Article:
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2011: Galloping

Jim Anderson's picture
Also available in: Mongolian
In our review of the 25 years since Mongolia joined the World Bank, 2011 stands out as a year of recovery, and that is an understatement.  By the beginning of 2011 the economy had stabilized and our economists returned to a quarterly format for publication of the economic updates.  The January Economic Update noted the strengthening of the economy:  For the year as a whole, real GDP grew 17.5 percent, the fastest rate for any country in the world. And while many mineral exporters were riding the wave of high commodity prices, few matched Mongolia’s investment boom, with FDI more than quadrupling in only a few years.  A 45 second animation showing FDI and GDP for extractives exporting countries makes clear how remarkable Mongolia’s second, synchronous, wave of FDI really was.
 
FDI and GDP growth over time
FDI and GDP growth for six extractives exporting countries from 1990 to 2013 as animated by the World Bank’s Macrostats app.

By year’s end, exuberance about the rapid growth was joined by concerns.  A blog on the economy’s overheating cautioned about the rising inflation and the need to stick to the Fiscal Stability Law (FSL), “landmark legislation passed with overwhelming majority in Parliament in 2010.” The FSL contains three fiscal rules to save windfall mining revenues, avoid over-borrowing and restrain over-spending.  The author wrote: “Our advice? With global risks continuing to grow, China’s growth slowing down, mineral prices down, and an economy which is overheating, it would be wise to start implementing the spirit of the fiscal rules now. Because one of the key lessons of recent times is that moderation needs to be applied during the good times, and not be postponed to another day. That day could bring clouds to Mongolia’s eternal blue skies.”

The boom that was underway made clear that mining would play an increasingly important role in Mongolia’s economy, yet Mongolia was not prepared to take advantage of the vast mineral deposits.  In addition to questions about management of the revenues, other fundamental challenges presented themselves:  Does Mongolia have the infrastructure necessary to support a mining led economy?  Does Mongolia have the necessary energy and water management systems?

The Mining Infrastructure Investment Support Project (MINIS) sought “to facilitate investments in infrastructure to support mining and downstream processing activities, regardless of funding source, and to build local capacity to prepare and transact infrastructure projects.”  The project would receive additional financing a few years later from AUSAid “to support the proper management of the precious groundwater in the southern part of Mongolia and the proper development of water supply to meet the rapidly growing water demand, primarily from the mining sector.”

The booming economy and the previous year’s dzud continued to draw people to Ulaanbaatar, bringing better lives for many, but also externalities. A study on health impacts from air pollution built on earlier work, but went further in assessing the costs and benefits of abatement options.  The report opened: “Ambient annual average particulate matter (PM) concentrations in Ulaanbaatar (UB) are 10–25 times greater than Mongolian air quality standards (AQS) and are among the highest recorded measurements in any world capital.”  It called for “well-coordinated framework for pollution abatement in Ulaanbaatar—one that relies on best available scientific and economic data, that involves its citizens and shares information with them, and continuously updates urban air quality analysis, such as the one presented in this study, based on new information as it becomes available.”  The groundwork had been laid for a new project to be approved the next year to help reduce, albeit not eliminate, air pollution in Ulaanbaatar.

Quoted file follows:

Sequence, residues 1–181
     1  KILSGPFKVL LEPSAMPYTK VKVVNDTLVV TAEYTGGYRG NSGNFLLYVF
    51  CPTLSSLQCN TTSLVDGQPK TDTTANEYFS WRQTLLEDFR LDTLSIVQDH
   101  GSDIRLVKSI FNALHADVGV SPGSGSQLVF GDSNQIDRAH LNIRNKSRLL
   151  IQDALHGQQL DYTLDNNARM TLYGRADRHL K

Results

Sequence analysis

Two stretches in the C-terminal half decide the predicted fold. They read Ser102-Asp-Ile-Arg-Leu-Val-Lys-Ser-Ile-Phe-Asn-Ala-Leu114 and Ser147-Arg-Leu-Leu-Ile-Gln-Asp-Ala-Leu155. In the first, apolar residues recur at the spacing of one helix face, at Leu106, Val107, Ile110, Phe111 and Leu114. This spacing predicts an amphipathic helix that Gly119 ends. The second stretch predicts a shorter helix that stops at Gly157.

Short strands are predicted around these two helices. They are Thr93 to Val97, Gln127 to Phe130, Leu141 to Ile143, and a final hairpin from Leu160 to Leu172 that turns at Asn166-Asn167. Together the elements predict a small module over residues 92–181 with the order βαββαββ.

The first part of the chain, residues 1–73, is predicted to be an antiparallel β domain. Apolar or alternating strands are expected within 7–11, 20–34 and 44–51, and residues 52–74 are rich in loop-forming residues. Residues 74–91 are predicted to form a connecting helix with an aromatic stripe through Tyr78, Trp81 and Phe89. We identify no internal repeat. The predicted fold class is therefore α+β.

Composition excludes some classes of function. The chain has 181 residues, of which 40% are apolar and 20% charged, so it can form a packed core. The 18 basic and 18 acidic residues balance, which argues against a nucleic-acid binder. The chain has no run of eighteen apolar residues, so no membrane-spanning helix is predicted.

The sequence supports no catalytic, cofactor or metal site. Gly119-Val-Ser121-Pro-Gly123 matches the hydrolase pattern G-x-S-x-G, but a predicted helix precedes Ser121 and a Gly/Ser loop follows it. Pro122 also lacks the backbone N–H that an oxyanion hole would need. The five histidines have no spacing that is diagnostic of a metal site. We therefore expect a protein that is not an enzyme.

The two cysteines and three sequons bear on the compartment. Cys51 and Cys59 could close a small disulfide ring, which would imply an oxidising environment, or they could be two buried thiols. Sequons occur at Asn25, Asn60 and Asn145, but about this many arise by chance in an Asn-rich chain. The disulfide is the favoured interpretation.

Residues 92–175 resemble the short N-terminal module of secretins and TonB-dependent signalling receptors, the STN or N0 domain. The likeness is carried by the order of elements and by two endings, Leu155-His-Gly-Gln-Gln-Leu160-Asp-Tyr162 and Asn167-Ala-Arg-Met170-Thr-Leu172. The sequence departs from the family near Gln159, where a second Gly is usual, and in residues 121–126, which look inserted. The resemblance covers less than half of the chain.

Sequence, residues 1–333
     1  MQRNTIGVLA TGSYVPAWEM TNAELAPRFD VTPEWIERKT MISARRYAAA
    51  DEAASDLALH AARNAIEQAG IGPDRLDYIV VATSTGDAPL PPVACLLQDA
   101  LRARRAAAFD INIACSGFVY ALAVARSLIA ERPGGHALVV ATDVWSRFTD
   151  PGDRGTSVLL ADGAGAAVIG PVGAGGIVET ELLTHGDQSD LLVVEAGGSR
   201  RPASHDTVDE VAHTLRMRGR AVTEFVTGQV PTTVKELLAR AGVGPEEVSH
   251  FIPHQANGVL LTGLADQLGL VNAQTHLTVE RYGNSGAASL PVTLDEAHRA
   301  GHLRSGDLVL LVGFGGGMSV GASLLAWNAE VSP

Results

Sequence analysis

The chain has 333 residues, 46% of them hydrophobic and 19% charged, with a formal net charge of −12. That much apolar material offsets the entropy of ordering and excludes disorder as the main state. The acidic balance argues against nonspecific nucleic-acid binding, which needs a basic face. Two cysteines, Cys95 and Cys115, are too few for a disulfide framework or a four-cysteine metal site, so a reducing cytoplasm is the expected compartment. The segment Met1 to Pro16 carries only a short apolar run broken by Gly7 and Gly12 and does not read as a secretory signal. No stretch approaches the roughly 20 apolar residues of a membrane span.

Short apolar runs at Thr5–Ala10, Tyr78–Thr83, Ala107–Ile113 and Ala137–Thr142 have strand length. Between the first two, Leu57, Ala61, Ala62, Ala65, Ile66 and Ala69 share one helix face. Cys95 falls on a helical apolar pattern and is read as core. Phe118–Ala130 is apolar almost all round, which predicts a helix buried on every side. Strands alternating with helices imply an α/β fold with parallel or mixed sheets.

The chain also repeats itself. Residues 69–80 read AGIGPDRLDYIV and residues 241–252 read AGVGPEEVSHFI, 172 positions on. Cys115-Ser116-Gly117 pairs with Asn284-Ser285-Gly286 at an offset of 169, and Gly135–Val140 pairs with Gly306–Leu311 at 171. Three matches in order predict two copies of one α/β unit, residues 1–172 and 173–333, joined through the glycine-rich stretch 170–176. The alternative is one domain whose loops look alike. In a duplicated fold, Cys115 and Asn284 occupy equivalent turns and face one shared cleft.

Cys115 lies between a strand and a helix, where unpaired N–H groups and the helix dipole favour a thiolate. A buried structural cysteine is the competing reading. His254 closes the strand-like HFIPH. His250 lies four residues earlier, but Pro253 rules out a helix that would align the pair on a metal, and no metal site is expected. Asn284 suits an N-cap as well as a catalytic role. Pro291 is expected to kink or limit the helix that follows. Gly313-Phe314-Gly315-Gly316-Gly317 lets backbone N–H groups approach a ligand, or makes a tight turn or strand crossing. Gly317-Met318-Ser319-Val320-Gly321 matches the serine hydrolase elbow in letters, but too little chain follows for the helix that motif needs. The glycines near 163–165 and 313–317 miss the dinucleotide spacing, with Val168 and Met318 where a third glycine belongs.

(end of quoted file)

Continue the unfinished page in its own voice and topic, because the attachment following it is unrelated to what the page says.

Several analyses focused on the challenges facing Mongolia’s public sector.  A review of policy options for pension reform identified a number of design weaknesses in the current pension insurance scheme and needs—and policy options—for reform in response to changes in the Mongolian economy.  A review of support to the justice sector outlined the many achievement since the transition from socialism, but noted that “reform gaps exist and public trust in the justice sector is lacking. Critics continue to point to weak and uneven decision making capacities of prosecutors and judges, despite more than a decade of intensive donor support for their training.” The report highlighted some priority areas for the next stage of justice sector reforms. A 2011 study of the political economy of public investments asked: “Why do politicians distort public investments? And given that public investments are poor because presumably that is what is politically rational, what types of reforms are likely to be both efficiency improving and compatible with the interests of politicians?”  The paper argued that there was an “incentive to over-spend on smaller projects that bring benefits to specific geographical localities and to under-spend on large infrastructure that would bring economic benefits to Mongolia on the whole.”

Next we look at 2012, an election year and a year of newfound creditworthiness.
 
Prepared in collaboration with Tungalag Chuluun.

 (Please follow our 25 years in 25 days journey here and on twitter with the hashtag #WBG_Mongolia25th)

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